This system can also be used to produce hydrogen rich reformate from liquid petroleum fuels for hydrogen enrichment in internal combustion engines to reduce cold-start emissions and extend the useful range for exhaust gas recycle.
The catalyst can be utilized in the thermo-neutral reforming of liquid petroleum feedstocks for large-scale refinery hydrogen production (up to 200,000 Nm3/h).
All experiments were carried out in a fixed-bed flow reactor system. The reaction system consisted of gas and liquid feed sections, a preheating section, a reactor section and a product collection section. Gases were fed through mass flow controllers; liquid feeds were pumped by precision HPLC pumps. The reactor tube was 12.6 mm in diameter and was made of Haynes 230 alloy. A three-zone electric furnace, whose temperatures were monitored and controlled by temperature controllers, heated the reactor system. Thermocouples were provided to measure the inner temperature of the reactor. Water and hydrocarbons were vaporized in pre-heaters and were mixed with air in a static mixer before entering the reactor. The product collection section consisted of a pressure control valve, a gas-liquid separator, a liquid level controller and a product tank.
In each of the experiments hereafter, the seven component catalyst employed was 8.0% Ni, by weight, 5.0% Ce2O3, by weight, 2.5% La2O3, by weight, 0.5% Pt, by weight, 2% ZrO2, by weight, 0.5% Rh, by weight, and 1.2% Re by weight. In each experiment, the prior art catalyst employed was 10% by weight of Ni, 6.0% by weight of Ce2O3, 1%, by weight, of Pt and 0.2%, by weight, of Rh.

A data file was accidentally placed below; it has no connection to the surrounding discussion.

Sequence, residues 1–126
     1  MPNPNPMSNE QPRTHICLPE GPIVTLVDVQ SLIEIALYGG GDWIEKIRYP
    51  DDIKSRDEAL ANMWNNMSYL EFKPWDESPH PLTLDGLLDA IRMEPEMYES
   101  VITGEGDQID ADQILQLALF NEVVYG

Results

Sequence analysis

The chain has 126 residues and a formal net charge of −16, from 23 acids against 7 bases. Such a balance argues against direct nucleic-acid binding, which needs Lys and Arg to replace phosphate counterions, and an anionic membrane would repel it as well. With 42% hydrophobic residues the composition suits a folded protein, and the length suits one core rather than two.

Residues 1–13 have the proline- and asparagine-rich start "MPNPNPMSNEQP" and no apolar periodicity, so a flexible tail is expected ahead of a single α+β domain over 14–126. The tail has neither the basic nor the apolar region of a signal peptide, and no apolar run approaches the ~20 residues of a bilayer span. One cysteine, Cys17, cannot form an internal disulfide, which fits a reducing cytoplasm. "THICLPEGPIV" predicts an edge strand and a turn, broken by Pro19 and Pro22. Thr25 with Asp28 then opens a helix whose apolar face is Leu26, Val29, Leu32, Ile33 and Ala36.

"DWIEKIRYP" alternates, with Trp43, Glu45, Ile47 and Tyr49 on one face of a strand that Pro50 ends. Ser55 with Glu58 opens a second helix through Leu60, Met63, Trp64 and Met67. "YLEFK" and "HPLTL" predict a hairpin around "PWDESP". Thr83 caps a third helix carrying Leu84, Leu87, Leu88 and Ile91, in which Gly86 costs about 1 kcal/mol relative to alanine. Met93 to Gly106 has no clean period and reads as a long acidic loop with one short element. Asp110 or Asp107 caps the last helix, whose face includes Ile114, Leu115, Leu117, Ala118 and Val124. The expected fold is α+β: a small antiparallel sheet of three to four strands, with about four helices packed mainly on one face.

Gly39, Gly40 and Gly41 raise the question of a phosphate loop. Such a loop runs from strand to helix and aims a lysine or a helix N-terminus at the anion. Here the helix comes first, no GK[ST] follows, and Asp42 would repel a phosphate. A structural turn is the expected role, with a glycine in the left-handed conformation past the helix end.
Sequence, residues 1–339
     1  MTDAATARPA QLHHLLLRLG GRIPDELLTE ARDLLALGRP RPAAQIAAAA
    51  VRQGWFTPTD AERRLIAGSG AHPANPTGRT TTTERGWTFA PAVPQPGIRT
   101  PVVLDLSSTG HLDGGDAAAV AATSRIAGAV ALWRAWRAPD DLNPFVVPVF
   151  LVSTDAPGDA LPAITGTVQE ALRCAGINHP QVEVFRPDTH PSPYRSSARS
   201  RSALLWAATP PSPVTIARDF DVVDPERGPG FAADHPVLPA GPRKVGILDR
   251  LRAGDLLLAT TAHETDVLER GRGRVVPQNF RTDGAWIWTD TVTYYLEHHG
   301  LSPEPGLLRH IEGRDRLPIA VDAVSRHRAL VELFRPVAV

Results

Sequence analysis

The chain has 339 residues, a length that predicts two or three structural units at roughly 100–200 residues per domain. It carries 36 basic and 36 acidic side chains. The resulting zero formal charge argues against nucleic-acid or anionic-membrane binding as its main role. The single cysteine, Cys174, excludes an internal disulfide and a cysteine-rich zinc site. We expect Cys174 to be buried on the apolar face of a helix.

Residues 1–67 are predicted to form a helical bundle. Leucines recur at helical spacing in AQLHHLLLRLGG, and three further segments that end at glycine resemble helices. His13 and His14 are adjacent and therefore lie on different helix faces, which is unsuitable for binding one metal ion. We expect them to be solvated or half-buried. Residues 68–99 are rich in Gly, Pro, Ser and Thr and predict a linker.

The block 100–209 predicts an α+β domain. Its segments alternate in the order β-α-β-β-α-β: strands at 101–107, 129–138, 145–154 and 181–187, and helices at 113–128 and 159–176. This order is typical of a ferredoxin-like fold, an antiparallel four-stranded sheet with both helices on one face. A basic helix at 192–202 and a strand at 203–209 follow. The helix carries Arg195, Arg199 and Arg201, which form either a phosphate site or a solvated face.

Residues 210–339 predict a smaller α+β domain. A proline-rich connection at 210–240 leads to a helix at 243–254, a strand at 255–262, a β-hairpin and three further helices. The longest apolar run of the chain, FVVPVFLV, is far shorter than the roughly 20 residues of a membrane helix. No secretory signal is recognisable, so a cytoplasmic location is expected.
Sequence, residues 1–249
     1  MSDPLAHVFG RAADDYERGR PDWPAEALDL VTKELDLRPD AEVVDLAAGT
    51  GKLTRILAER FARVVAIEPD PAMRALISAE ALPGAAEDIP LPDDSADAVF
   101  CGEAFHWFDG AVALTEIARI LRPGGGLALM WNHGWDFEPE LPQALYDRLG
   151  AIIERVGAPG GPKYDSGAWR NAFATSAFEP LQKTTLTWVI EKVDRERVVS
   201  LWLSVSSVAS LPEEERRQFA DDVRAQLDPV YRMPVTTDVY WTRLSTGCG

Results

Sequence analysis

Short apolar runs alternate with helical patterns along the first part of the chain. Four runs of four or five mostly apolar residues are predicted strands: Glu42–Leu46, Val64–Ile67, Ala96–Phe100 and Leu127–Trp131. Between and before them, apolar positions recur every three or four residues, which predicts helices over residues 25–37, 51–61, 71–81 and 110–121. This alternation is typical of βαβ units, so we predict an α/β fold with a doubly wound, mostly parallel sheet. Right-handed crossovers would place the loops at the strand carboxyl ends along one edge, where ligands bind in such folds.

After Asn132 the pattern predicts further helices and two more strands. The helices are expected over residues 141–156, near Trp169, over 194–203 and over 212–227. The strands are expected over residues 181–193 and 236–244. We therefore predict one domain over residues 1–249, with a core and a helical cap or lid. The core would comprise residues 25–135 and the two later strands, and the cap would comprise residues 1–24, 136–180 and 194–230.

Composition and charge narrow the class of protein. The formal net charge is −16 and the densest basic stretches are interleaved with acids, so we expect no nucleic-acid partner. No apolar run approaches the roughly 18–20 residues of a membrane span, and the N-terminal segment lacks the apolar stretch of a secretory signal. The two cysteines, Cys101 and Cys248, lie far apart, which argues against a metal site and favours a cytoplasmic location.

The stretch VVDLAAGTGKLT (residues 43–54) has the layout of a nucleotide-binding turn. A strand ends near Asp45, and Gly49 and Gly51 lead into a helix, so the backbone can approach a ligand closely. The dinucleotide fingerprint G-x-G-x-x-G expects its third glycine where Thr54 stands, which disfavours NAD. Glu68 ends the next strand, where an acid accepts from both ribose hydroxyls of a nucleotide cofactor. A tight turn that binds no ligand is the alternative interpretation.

In each of the experiments described below, 6 ml of the catalyst which was employed were loaded into the Haynes reactor tube described above. The catalyst bed was positioned at the center of the reactor tube, between layers of inert silicon carbide. The top portion of silicon carbide layer also served as a preheating zone. The feed mixture was heated up to 350° C. in the preheating zone. The reactor was heated up to the starting temperature of 410° C. under nitrogen flow of 20 l/h. Water was pumped into the pre-heater and vaporized, and steam was sent in at a flow rate corresponding to a steam-to-hydrocarbon feed (H2O/C) molar ratio of 2:1 for all experiments. The hydrocarbon feed was then started after a sufficient amount of water had collected in the product tank. Various O2/C ratios were used. The temperature in the reactor rose to about 800-900° C. in a few seconds. The experiment was run for two hours, after a steady state had been reached. A gas sample was collected and analyzed in two gas chromatographs, one equipped with TCD and the other with FID. The percent conversion and product gas composition were calculated from the GC results.
The catalyst of the present invention shows marked improvement over the prior art catalyst in terms of:
While the illustrative embodiments of the invention have been described with particularity, it will be understood that numerous other modifications will be apparent to and can be readily made by those skilled in the art without departing from the spirit and scope of the invention. Accordingly, it is not intended that the scope of the claims appended hereto be limited to the examples and descriptions set forth herein, but rather that the claims be construed as encompassing all the features of patentable novelty which reside in the present invention, including all features which would be treated as equivalents thereof by those skilled in the art to which this invention pertains.